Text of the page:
Dendreon Cuts Jobs As It Battles Weak Sales

| About: Dendreon Corporation (DNDN)

By Vinay Singh

Dendreon (NASDAQ:DNDN) says it expects to cut 600 jobs as it continues to struggle with weak sales of its prostate-cancer therapy, Provenge.

The newest layoffs, amounting to over 40% of the company’s remaining workforce, follow the dismissal of 500 employees in September 2011. Dendreon also says it will close a manufacturing plant in Morris Plains, N.J. By restructuring, the company hopes to reduce its cost of goods to less than 50% of its revenue over the next 12 months.

Dendreon has been on a roller coaster ride since 2010 when its prostate cancer vaccine Provenge was approved by the U.S. Food and Drug Administration. Provenge is considered the first in a new class of therapies meant to train an individual’s immune system to attack cancer cells as if they were viruses.

The company unexpectedly encountered major hurdles in attempting to launch Provenge, including its high price tag, $93,000 for a normal course of treatment, doubts about its efficacy, and complex reimbursement issues that caused doctors to shy away from prescribing the treatment. And just as Dendreon finally brought the drug to market, the FDA approved rival prostate cancer drug Zytiga, developed by Johnson & Johnson (NYSE:JNJ). Sales of Provenge in 2011 were only $213 million, far short of the $400 million Dendreon had projected.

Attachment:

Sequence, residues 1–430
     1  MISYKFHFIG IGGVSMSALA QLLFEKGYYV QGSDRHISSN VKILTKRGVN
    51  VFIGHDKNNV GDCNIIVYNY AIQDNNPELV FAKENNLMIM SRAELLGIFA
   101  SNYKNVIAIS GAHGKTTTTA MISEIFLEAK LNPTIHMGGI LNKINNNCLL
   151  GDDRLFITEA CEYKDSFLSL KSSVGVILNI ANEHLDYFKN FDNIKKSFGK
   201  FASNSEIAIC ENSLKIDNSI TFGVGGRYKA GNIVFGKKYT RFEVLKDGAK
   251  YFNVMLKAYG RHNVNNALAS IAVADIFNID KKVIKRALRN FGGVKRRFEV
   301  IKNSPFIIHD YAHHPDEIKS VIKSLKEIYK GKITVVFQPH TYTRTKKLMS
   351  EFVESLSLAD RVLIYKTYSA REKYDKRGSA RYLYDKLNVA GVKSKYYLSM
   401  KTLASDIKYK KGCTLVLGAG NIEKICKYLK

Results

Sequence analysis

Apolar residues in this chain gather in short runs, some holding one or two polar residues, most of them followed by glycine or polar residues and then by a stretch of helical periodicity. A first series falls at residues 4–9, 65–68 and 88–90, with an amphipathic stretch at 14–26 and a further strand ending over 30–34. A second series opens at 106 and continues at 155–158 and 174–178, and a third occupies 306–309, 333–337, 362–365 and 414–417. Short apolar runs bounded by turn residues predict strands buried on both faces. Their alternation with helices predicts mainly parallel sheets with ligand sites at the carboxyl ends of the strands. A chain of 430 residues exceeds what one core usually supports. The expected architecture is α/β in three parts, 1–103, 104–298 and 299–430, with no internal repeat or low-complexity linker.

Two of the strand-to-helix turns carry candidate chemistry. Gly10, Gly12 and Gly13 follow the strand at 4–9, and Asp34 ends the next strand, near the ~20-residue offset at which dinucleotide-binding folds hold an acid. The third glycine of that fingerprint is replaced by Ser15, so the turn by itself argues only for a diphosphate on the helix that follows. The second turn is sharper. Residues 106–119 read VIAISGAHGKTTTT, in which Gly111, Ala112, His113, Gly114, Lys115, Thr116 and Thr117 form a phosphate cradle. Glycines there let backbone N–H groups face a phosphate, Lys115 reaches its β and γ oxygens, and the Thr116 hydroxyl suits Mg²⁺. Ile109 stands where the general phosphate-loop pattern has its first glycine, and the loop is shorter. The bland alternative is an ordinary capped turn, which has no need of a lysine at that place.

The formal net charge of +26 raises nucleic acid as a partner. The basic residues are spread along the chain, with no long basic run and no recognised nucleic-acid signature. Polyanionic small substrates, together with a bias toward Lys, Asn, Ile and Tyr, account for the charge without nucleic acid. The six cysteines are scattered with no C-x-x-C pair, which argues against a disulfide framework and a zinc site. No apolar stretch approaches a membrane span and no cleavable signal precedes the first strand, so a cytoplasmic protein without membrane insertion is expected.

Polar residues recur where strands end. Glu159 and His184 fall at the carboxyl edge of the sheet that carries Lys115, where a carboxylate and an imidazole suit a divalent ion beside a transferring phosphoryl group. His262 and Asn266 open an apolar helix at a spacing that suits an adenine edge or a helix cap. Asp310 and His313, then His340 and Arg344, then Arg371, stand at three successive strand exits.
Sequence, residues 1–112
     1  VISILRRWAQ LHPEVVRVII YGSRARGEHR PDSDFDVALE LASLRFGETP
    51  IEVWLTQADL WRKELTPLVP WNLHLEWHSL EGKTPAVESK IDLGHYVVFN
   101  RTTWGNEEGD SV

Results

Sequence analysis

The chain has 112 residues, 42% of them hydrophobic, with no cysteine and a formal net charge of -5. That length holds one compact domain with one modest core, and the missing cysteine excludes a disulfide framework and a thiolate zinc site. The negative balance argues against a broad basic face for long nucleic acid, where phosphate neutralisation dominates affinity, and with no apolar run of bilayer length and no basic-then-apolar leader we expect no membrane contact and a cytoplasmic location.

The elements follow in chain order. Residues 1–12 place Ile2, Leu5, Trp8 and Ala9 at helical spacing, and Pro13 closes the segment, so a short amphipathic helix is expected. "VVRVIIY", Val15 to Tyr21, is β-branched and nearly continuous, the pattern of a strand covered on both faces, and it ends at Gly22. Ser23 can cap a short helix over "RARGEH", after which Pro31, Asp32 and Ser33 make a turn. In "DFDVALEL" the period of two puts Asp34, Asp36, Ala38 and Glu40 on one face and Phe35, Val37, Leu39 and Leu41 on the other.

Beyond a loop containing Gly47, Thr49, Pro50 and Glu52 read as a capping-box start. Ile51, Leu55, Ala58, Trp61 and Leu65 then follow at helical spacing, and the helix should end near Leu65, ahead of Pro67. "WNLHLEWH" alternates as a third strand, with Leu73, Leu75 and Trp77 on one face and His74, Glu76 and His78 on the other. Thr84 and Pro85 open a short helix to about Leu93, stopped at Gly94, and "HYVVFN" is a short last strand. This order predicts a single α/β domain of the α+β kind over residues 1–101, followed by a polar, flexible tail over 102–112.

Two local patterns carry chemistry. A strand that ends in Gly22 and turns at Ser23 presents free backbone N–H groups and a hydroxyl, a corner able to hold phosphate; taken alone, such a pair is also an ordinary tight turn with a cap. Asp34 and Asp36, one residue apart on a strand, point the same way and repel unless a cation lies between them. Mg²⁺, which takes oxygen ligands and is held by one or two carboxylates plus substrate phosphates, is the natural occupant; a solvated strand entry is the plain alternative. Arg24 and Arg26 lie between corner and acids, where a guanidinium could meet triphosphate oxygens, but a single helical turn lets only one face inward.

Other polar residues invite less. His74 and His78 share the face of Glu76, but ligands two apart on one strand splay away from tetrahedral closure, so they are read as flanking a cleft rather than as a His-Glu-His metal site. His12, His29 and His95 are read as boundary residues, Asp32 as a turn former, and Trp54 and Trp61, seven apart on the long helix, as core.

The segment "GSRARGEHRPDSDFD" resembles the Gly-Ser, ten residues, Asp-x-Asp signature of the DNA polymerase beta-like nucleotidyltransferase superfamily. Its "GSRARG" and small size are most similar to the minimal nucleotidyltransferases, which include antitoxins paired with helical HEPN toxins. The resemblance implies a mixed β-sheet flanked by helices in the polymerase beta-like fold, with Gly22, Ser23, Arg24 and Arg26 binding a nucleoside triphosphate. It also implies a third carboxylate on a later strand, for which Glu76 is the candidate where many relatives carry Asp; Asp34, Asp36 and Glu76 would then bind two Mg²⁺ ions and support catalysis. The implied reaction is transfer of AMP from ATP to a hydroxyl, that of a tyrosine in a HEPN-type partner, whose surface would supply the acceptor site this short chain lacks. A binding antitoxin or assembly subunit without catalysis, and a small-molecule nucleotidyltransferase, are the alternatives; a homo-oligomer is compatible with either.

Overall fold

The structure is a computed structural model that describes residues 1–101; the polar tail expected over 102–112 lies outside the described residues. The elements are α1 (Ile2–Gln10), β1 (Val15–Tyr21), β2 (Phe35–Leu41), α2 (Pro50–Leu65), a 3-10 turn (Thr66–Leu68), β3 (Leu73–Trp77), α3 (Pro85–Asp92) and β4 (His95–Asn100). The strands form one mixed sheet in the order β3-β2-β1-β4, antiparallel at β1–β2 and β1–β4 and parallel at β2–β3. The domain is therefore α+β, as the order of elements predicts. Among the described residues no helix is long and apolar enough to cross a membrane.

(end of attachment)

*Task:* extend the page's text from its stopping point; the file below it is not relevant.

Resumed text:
Amid Dendreon’s restructuring plans, the company also announced its 2012 second-quarter earnings, which, despite being up 66% from the comparable quarter a year ago, missed analysts' estimates. The combination of the news sent Dendreon shares to a 52-week low of $4.37 a share. The company has lost 88% of its market value since April 2010, when it first gained regulatory approval for Provenge.

Despite the bad news, Dendreon’s CEO John Johnson believes that the restructuring will set a new course for Dendreon and Provenge. In an earnings call, Johnson blamed turnover among sales representatives as one of the reasons for the weaker-than-estimated sales of Provenge, and also reiterated his confidence in the long-term prospects of Provenge.

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